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Making a case for a singular ‘they’

  I am definitely on team revise-to-avoid-using-“they”-as-a-singular-pronoun, but the 2017 edition of the AP Stylebook (the industry standard writing guide for journalists) acknowledges the limited use of “they” as a singular pronoun. As always, the goal is clarity, not rigid adherence to a rule. They/them/their is acceptable in limited cases as a singular and-or gender-neutral pronoun, when alternative wording is overly awkward or clumsy. However, rewording usually is possible and always is…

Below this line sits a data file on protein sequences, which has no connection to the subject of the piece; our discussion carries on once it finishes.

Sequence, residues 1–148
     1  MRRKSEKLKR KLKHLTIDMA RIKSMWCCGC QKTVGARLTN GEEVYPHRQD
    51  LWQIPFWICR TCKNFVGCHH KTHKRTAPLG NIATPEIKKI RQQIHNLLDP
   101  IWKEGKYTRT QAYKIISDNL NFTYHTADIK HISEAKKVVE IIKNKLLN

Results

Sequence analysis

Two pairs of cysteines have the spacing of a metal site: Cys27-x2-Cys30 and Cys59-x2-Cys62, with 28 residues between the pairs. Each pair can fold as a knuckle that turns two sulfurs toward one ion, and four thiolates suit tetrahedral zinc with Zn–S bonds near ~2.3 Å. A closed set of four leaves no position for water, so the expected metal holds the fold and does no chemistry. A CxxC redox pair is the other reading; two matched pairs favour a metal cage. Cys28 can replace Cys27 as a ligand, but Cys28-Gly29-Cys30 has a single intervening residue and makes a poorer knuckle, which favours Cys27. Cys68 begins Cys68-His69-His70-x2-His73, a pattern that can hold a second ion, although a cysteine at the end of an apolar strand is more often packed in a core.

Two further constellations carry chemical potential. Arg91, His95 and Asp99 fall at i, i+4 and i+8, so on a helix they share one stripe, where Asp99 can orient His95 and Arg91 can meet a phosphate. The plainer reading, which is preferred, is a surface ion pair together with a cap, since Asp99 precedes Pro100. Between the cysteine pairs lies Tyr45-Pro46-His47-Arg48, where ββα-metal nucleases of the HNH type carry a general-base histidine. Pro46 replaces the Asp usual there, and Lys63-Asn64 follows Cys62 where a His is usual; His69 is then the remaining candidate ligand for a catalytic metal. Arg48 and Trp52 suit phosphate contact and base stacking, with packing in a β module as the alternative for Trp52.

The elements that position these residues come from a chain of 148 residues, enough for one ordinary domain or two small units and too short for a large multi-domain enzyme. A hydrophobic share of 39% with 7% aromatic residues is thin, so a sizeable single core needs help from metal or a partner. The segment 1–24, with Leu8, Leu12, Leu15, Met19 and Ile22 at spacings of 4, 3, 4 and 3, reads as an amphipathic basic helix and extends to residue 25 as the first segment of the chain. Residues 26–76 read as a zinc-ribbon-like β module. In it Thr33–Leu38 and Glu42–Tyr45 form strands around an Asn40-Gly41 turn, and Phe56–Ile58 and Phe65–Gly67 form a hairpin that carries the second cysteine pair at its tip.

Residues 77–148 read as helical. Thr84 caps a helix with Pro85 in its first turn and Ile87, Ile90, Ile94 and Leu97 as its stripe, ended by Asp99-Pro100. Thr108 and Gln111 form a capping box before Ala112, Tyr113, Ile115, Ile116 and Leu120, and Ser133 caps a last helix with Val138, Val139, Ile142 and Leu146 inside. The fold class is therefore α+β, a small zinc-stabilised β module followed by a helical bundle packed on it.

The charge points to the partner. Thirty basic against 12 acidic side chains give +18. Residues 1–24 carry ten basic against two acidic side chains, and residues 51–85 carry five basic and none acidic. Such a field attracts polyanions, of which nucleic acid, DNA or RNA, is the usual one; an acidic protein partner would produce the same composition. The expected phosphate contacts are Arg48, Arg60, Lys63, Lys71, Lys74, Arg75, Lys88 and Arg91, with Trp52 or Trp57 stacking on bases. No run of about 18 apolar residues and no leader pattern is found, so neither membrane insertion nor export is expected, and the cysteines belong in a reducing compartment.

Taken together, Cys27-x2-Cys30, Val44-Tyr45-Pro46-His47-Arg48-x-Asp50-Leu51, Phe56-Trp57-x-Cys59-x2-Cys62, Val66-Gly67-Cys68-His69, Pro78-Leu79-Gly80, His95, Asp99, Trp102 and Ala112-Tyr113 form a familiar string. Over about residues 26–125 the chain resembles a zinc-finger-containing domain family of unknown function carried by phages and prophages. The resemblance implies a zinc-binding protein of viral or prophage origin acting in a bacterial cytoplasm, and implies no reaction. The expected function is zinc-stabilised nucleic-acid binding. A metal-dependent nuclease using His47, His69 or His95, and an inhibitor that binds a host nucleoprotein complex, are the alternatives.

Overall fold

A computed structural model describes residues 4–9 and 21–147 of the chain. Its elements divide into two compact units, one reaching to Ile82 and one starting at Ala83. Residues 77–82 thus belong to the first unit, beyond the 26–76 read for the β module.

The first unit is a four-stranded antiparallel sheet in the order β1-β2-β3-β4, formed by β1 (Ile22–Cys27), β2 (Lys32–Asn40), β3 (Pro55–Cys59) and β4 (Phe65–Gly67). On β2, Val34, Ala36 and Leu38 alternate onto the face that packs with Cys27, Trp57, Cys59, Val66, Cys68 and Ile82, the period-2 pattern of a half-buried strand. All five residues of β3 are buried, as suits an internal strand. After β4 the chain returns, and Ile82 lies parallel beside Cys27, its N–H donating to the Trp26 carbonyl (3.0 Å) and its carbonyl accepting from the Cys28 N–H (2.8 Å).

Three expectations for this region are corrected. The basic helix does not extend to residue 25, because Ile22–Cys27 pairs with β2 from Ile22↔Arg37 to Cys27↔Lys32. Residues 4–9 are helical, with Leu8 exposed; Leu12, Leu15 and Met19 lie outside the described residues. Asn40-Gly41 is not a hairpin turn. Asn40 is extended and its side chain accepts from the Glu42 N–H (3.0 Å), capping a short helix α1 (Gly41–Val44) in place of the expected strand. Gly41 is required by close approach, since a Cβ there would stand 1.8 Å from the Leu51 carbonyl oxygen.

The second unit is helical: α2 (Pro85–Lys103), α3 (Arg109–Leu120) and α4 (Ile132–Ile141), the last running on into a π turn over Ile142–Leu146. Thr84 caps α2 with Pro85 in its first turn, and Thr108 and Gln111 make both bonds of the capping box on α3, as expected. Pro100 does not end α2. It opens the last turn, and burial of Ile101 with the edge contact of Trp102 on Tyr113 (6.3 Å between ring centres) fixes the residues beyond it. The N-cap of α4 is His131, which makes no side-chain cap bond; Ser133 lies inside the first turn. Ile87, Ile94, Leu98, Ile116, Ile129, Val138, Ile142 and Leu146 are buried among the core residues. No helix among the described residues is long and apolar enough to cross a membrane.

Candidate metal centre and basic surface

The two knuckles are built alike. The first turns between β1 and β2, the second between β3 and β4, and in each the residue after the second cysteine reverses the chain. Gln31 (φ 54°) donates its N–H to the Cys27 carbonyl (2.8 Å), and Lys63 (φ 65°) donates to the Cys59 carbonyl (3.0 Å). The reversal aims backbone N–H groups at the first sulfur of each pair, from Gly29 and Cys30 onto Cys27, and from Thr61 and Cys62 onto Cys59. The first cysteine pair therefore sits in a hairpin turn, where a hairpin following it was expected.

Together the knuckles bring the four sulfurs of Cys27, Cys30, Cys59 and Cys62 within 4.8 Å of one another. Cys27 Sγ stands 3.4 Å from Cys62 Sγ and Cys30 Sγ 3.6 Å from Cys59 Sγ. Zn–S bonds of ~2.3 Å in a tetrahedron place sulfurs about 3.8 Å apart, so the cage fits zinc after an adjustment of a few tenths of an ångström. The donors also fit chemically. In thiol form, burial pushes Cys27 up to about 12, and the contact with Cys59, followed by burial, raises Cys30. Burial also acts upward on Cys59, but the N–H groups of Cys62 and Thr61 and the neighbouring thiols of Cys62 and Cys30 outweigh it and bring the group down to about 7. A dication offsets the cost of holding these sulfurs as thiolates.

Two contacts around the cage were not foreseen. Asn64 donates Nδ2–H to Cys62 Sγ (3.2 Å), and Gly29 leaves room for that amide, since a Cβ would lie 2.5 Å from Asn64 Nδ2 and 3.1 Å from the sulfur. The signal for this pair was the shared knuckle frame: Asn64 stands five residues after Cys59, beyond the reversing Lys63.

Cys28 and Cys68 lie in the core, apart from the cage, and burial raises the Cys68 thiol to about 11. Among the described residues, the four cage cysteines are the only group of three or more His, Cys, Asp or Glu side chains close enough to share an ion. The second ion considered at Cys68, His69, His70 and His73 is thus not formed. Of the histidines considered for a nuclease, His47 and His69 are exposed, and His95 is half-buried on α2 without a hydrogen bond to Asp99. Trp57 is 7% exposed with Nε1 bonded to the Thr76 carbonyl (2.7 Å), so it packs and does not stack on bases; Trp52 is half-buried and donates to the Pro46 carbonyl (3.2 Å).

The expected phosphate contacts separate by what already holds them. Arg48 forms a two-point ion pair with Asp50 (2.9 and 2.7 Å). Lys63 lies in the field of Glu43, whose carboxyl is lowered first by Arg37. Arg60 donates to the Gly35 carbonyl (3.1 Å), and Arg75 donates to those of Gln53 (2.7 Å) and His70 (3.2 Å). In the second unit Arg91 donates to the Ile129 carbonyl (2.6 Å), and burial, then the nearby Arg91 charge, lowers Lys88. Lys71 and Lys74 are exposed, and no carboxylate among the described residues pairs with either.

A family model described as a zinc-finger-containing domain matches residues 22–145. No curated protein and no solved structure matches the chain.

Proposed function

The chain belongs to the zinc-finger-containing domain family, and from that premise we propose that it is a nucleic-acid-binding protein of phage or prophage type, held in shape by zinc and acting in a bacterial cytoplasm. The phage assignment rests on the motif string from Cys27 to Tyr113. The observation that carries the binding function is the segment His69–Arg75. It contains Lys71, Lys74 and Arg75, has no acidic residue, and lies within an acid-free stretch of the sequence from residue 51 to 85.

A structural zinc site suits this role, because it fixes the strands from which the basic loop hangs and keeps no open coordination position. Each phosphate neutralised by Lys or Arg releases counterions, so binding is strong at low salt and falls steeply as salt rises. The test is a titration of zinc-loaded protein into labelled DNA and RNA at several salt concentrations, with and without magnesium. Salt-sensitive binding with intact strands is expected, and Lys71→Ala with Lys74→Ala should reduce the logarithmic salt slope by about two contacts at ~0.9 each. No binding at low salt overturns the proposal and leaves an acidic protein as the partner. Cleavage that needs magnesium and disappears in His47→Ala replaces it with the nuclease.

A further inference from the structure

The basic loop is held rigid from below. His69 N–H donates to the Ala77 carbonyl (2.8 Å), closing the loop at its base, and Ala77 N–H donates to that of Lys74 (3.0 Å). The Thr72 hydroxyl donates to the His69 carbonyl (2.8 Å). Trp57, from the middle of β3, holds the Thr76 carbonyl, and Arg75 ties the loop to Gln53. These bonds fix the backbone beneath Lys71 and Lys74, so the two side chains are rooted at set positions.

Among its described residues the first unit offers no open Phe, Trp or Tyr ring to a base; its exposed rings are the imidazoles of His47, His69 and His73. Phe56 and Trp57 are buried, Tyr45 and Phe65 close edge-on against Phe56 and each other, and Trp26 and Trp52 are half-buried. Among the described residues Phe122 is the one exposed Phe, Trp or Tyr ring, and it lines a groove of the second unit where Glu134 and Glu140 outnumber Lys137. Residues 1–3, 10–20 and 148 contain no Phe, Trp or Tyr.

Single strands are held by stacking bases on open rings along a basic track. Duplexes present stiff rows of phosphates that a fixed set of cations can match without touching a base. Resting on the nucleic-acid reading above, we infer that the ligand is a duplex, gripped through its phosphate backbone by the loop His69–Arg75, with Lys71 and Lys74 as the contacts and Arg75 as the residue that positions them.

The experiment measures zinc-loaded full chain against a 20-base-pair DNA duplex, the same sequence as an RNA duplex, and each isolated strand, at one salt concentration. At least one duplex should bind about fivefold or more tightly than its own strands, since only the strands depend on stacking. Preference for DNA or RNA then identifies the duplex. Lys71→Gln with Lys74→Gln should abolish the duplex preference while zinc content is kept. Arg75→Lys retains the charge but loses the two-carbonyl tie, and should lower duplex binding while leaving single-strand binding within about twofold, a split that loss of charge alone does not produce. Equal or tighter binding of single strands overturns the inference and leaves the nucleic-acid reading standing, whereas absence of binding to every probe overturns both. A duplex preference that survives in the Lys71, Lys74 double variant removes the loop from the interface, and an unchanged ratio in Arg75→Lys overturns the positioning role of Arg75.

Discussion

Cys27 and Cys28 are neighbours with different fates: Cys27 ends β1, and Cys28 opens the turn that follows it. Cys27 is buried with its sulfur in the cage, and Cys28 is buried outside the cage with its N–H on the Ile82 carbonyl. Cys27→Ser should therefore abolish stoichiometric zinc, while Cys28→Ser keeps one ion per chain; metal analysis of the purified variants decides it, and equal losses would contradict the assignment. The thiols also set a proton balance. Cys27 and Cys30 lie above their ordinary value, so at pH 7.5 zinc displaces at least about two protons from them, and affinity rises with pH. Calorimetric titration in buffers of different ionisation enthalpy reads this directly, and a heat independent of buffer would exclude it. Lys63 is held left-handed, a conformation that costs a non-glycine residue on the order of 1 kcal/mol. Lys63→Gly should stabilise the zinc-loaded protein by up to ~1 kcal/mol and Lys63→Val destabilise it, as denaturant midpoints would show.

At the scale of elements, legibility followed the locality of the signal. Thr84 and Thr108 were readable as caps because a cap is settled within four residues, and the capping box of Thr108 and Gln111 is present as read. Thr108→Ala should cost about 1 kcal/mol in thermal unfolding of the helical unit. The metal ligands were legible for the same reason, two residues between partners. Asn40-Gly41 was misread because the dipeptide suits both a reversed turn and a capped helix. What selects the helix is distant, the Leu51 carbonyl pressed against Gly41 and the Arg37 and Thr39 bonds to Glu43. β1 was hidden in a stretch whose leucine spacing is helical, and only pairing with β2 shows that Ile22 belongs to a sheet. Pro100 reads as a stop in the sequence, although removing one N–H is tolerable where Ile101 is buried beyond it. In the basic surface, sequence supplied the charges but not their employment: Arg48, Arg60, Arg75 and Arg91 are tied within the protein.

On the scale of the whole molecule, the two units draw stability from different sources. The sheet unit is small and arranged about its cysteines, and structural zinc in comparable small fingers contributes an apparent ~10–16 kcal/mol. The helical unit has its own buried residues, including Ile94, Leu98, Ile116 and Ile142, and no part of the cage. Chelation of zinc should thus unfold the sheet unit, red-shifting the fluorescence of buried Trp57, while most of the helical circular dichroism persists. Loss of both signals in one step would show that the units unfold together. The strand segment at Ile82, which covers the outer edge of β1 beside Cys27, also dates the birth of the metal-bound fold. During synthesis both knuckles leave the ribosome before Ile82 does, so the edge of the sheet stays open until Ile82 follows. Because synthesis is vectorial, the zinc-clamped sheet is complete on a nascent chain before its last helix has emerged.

Some fairy tales may be 6000 years old

Fairy tales are transmitted through language, and the shoots and branches of the Indo-European language tree are well-defined, so the scientists could trace a tale’s history back up the tree—and thus back in time. If both Slavic languages and Celtic languages had a version of Jack and the Beanstalk (and the analysis revealed they might), for example, chances are the story can be traced back to the “last common ancestor.”…

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Shakespeare Popularized Falconry Terms

English is full of figures of speech popularized by Shakespeare. Some of those terms Shakespeare’s interest in falconry. “Hold onto Lima,” Healy-Rennison commanded, as I tightly pinched the speckle-feathered bird’s jesses, or tethers, under my thumb. “Now she’s ‘under your thumb’,” Healy-Rennison explained with a smile. “Quite literally,” I replied, amused to learn the etymology of a phrase that I’ve used for most of my life. Only now I was…